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McCain lends Crist a jolt

John McCain stumps to support Charlie Crist calling him "the most qualified candidate" to succeed Jeb Bush.

Published August 19, 2006

MIAMI -— Charlie Crist’s bid for governor got a jolt of energy Saturday from John McCain, the maverick Arizona senator who called Crist “the most qualified candidate” to succeed Jeb Bush.

McCain, Crist and U.S. Sen. Mel Martinez barnstormed the state by jet, hitting four key media markets in 24 hours and drawing enthusiastic turnouts and TV cameras at every stop.

In Pensacola, Miami, Orlando and Jacksonville, the size of the crowds and tone of the speeches gave the fly-around a general election feel.

“He’s going to win that general election,” McCain told a standing-room-only crowd of 400 in Orlando, looking beyond Crist’s primary with Tom Gallagher in 2½ weeks. Crist picked up the theme, calling the primary “Victory No. 1” on his way to November.

The largest crowd was in Miami, where 500 people filled a historic downtown theater and cheered as McCain and Crist walked on stage to the sounds of a Cuban salsa band and joined a crowd of Cuban-American politicians and veterans.

“We need a great governor to follow in the footsteps of a great governor, Jeb Bush,” McCain told the crowd, calling Crist a “wonderful public servant.”

The rally gave Crist’s campaign a chance to show its strength on what Gallagher considers his home turf in the county with Florida’s largest pool of Republican voters.

Early voting begins on Monday, and several speakers made appeals in Spanish for Crist’s supporters to cast ballots as soon as possible.

Crist stuck to his familiar broad themes of low taxes, reducing crime and extending Bush’s education agenda, and avoided any mention of immigration, abortion or stem cell research, which tend to open fault lines within the Republican Party.

He struggled a bit with his Spanish. Counting the days to the Sept. 5 primary, he said “anos” (years) instead of “dias” (days) before correcting himself.

The crowd laughed at the slip, and dozens rushed the stage after his speech to shake his hand or take his picture.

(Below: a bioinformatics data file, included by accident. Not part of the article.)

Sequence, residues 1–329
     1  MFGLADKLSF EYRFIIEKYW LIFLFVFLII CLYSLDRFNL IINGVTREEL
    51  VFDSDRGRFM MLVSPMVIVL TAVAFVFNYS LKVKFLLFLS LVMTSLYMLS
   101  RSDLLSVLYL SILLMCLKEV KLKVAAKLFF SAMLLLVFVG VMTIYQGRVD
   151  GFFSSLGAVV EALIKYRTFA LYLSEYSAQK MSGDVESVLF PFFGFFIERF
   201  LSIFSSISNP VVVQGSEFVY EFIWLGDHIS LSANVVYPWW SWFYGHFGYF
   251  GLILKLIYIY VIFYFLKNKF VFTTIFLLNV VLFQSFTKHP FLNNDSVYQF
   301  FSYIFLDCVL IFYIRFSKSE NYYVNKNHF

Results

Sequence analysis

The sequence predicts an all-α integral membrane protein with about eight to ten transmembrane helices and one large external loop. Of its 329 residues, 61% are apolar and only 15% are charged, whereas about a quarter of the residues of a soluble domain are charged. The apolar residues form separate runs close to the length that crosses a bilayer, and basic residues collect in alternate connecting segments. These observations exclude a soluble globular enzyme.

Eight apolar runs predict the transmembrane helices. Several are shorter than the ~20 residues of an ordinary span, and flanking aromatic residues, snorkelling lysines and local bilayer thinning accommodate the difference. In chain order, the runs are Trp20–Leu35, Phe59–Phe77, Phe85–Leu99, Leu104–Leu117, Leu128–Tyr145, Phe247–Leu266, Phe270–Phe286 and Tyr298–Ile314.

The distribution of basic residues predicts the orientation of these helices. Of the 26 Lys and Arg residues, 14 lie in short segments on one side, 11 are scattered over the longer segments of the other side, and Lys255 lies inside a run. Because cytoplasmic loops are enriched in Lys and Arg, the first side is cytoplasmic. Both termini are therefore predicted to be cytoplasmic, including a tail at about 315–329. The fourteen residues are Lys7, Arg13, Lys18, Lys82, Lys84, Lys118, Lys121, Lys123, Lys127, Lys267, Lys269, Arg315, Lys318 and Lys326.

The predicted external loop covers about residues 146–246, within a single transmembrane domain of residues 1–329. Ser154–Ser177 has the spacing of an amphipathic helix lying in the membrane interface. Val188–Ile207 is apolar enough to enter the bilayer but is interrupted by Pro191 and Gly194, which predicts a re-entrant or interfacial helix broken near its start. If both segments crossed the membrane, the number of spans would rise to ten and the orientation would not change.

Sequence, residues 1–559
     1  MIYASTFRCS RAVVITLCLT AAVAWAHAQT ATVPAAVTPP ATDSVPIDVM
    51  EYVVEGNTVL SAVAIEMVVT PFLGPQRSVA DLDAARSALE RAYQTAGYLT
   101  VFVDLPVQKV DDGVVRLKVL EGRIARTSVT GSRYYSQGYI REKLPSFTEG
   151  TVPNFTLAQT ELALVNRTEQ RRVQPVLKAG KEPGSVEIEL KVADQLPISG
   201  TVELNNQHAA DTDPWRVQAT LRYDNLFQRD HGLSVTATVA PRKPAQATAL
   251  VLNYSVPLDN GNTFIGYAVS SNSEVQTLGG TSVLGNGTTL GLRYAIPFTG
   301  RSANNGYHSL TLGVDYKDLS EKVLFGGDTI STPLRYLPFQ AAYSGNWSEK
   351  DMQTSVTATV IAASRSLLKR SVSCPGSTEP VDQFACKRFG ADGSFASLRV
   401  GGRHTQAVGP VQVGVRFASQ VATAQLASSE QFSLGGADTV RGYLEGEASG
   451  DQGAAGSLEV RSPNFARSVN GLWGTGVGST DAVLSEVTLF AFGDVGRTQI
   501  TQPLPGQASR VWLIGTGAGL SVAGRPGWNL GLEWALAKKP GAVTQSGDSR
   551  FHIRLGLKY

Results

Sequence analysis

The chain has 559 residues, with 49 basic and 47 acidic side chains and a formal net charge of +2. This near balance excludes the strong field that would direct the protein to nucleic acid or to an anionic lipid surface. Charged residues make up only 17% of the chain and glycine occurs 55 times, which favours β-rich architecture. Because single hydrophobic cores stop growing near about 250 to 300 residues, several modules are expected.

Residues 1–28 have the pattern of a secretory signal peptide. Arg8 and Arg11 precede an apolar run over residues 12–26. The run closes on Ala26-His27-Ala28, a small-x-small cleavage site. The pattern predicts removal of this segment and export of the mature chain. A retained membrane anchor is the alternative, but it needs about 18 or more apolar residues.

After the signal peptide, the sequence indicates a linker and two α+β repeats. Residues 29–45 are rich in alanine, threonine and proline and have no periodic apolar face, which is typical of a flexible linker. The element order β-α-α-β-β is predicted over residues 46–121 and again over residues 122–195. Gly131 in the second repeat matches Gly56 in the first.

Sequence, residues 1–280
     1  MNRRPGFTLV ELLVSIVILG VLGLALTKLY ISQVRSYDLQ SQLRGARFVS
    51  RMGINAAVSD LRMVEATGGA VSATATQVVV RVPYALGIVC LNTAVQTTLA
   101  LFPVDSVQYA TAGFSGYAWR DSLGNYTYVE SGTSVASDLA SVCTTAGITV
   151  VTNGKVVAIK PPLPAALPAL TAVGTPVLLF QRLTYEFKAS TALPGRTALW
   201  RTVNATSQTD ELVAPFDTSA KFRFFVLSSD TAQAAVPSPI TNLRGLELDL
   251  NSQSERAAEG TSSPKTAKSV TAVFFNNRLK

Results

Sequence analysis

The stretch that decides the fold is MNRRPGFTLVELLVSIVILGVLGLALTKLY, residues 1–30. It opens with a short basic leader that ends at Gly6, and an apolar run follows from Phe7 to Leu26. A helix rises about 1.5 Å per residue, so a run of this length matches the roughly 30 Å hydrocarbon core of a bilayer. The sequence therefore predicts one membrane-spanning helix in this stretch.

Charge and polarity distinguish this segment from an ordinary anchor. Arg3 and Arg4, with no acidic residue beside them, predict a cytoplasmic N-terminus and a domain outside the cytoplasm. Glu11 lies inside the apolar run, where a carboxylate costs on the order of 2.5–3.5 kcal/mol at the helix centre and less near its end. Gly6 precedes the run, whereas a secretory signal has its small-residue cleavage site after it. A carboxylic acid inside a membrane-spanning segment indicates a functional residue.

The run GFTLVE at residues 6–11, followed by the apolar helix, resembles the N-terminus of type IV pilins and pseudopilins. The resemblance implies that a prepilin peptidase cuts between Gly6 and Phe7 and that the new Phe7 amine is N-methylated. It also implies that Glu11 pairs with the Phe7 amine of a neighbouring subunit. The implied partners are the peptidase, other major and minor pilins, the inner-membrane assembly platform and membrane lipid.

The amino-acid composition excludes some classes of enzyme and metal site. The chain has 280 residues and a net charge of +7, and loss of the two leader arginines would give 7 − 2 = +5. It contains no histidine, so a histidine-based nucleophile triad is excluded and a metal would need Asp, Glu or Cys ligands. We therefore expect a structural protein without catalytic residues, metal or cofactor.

McCain, a prisoner of war in Vietnam who ran for president in 2000 and is expected to again in 2008, is one of the most sought-after Republicans on the campaign trail. He came to Florida from South Carolina and is headed next to Ohio.

He was mobbed in Pensacola, a Navy town where he learned to be a pilot and where he recalled nights spent drinking “at that institution of higher learning -- Trader John’s.”

Jewell Bradfield, a longtime Republican activist in Pensacola, wore a Crist T-shirt and called Crist “very well-behaved and very impressive.”

“And I wish I had that tan, don’t you?” she said of Crist’s perpetually bronze complexion.

McCain’s support of the front-running Crist serves the political interests of both men, with McCain eyeing Florida’s 27 electoral votes in the next presidential contest. But he said it was unfair to cast his campaigning in that context.
“I go where they think I should go,” McCain said, referring to his political action committee, “and where I think that a guy is really a good candidate. I’ve known him for a number of years and I really like him.”

Flying aboard a luxurious jet between stops, McCain said he believed Republican politics in Florida was moving “back toward the center,” a conclusion he said he based in part on President Bush’s slumping popularity in the state and on polls showing Democrats faring slightly better than in the past.

The Crist campaign is paying for the use of a luxurious Gulfstream III jet owned by investor Stuart Lasher, a St. Petersburg native and co-chairman of Lifestyle Family Fitness, a chain of health clubs. Lasher, a Crist supporter, also was on the tour.

Gallagher countered the McCain visit by noting the Arizona senator’s opposition to abortion and same-sex civil unions, and Crist’s opposition to a ban on abortions and a recent statement that civil unions are “fine.”

Gallagher’s campaign said the “photo-ops” between McCain and Crist underscore the fact that “Crist’s liberal positions ... put him at odds with mainstream Republicans.”

Contact Steve Bousquet at or (850) 224-7263.

[Last modified August 19, 2006, 22:14:37]

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